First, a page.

Saturday in Banff for the Rocky Mountain Food and Wine Festival

Rocky Mountain Food and Wine Festival
I'll be in the Rockies this weekend at the Banff stop of the Rocky Mountain Food and Wine Festival. If you are at the tasting hall on Saturday and see me, introduce yourself and we'll sample something together. If Banff isn't in the cards for you, I will be doing my best to live tweet the event so if you're so inclined, follow me on twitter at @abryksa for the details.

Take care friends and have a fantastic weekend. I hope to see some of you out in Banff.

We’re all Wine Critics Now!

Wine Critic - Borrowed from Slate Magazine

Mike Steinberger from Slate has a compelling piece talking about the democratization of wine and how the internet is becoming the watchdog for wine critics. In it, he talks about Robert Parker and his publication Wine Advocate and how recently it has come under scrutiny due to its contributors accepting trade funded trips and samples. Apparently, Mr. Parker has avoided these perks as it might be viewed as unethical in terms of his objectivity towards the wines he reviews. There is also mention of the Cellartracker web application that I personally use and recommend to anyone who is looking for crowd sourced reviews of wine.

Link to the article here: Democratization of Wine


Wine Service with Steven Spurrier

Wine service can be an overlooked aspect around the overall enjoyment of wine. Let Steven Spurrier from Decanter take you through wine service so that you are enhancing the experience with the right tools, glassware and techniques.

Have a great weekend and enjoy the video.


A Not So Hidden Reason to Donate to Charity Wine Auctions

Wine for Auction

After reading a article about wine auctions, I found a nugget buried at its conclusion. The article is by Beppi Crosariol who is a food and wine writer for the Globe and Mail. Want to know how the rich get richer? They use wine as a method to reduce their personal income tax! Genius.

“But for sellers, unloading at auction can be absurdly lucrative, even when the wine is donated to charity. That's because donors receive a generous receipt against income tax, the amount usually based on the wine's replacement rather than retail value. And that's the key.

In Canada, a collector-worthy bottle of 1990 Château de Beaucastel Châteauneuf-du-Pape would have cost about $50 upon release in the early 1990s. To replace it now from the international market, including shipping to Canada, would easily take several hundred dollars. In fact, the tax receipts can be so attractively high that some people have been known to donate a $50-retail-price wine to a charity in return for a $400 receipt, then turn around and win back the same bottle for a bid of $200.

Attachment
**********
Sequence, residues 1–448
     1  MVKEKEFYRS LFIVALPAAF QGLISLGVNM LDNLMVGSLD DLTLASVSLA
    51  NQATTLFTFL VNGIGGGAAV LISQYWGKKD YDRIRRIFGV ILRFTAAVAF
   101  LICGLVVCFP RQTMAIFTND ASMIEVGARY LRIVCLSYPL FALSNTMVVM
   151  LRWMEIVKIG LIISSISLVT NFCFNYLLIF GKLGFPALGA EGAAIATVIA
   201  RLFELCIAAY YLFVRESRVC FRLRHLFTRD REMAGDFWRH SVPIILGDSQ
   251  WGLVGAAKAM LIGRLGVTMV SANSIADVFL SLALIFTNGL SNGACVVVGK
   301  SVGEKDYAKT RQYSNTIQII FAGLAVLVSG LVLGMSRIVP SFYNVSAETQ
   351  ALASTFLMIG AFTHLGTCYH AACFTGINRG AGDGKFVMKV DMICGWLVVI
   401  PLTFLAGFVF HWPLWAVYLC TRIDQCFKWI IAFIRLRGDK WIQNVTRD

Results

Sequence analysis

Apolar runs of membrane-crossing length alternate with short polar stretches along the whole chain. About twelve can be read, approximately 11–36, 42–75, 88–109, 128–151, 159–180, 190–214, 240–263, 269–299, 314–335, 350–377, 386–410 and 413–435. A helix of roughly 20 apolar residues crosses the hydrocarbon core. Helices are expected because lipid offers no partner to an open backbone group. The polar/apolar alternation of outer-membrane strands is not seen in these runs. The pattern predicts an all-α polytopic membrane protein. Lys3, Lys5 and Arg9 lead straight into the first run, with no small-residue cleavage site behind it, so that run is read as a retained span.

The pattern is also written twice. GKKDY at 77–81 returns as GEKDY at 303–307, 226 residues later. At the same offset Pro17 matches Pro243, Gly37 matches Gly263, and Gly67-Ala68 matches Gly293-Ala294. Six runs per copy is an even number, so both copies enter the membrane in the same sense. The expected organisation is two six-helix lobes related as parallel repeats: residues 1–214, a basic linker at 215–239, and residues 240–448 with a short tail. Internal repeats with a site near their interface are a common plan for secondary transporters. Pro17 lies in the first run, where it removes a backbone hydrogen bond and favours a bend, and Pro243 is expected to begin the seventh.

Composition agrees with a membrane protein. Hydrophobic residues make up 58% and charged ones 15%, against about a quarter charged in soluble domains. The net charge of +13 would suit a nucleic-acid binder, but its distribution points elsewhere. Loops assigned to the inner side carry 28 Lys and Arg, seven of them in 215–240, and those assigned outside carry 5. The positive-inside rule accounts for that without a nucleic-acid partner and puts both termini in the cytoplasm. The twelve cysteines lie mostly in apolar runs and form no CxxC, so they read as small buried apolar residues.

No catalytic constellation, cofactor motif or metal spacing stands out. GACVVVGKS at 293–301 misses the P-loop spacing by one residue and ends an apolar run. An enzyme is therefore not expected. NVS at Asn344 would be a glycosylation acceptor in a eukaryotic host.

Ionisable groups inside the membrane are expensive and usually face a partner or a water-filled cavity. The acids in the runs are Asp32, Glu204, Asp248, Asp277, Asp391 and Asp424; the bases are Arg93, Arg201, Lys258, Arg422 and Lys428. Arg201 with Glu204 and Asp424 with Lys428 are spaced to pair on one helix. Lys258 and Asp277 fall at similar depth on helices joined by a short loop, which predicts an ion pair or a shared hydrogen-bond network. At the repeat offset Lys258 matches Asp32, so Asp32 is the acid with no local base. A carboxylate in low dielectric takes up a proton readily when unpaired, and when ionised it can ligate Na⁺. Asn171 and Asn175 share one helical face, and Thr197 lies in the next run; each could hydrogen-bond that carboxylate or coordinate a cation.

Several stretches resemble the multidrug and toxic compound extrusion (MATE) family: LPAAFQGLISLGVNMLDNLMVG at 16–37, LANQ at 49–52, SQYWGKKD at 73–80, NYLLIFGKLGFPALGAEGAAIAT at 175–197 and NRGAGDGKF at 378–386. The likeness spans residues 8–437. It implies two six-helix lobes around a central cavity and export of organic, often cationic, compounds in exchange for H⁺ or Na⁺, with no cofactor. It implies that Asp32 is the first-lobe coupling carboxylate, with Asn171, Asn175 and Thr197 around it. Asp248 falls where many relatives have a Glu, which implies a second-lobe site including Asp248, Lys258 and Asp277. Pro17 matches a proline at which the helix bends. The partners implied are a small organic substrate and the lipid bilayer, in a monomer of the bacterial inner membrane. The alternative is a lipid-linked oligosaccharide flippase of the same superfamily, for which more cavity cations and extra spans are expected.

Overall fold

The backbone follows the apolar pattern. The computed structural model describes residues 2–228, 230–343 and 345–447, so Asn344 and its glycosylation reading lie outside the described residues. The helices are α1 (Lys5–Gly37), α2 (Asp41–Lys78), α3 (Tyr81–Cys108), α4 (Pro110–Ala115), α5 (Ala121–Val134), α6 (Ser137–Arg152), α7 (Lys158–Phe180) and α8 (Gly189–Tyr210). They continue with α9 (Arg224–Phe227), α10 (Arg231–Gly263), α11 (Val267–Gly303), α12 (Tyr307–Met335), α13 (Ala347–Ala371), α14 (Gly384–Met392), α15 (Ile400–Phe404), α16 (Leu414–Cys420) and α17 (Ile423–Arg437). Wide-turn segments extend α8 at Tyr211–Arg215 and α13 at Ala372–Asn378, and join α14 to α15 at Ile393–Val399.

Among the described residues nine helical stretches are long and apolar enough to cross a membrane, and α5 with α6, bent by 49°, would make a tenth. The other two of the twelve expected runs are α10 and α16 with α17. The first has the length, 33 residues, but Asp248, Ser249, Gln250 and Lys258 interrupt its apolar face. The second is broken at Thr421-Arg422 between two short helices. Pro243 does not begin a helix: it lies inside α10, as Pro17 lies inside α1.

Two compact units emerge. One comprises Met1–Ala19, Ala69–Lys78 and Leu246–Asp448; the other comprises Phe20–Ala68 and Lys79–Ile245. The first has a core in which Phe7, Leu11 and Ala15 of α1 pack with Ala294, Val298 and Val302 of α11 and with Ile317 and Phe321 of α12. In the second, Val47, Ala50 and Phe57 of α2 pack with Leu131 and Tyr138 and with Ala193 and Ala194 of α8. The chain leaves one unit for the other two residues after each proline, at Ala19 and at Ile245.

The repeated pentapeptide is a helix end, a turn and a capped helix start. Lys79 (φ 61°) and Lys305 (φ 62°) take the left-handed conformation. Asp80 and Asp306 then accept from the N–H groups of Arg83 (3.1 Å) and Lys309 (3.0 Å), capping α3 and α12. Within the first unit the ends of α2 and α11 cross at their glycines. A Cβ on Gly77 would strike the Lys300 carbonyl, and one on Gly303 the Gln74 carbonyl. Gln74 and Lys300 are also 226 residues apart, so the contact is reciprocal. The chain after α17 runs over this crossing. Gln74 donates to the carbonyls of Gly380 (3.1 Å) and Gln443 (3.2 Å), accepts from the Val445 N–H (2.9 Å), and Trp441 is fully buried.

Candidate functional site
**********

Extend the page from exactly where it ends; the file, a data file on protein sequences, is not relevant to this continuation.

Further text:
I don't know about you, but at my tortuously high income-tax rate, a $400 tax receipt would be worth more than a $200 refund, so I'd be making a net profit from the government. It's the hidden reason that fine wine has become such a popular collector's item.”

Link to the article here


Rocky Mountain Food and Wine Festival – Just Around the Corner

If you live in Calgary or Edmonton, you'll be please to hear that the 2009 Rocky Mountain Food and Wine Festival is just around the corner. The Calgary event is happening THIS week with the festivities kicking off October 15 through 17 at Stampede Park’s BMO Centre. If you have never been to the festival, admission is between $25-30 dollars at the door and $0.50 sample coupons are required to be traded for the delectable food and drink offerings that are exhibited. If wine is not your thing, there are several beer and spirits representatives offering tastes of microbrewed beers, single malt scotches or tequilas.
If you are in Edmonton, the Festival stops at the Shaw Conference Centre, Halls A – C from November 5-7.
For more information, please hit up the festival website at

WineCollective will be at the festival on Thursday in Calgary so if you're interested in meeting up / sampling some wines, fire an email to


Wine Enthusiast Magazine – Top 100 Value Wines of 09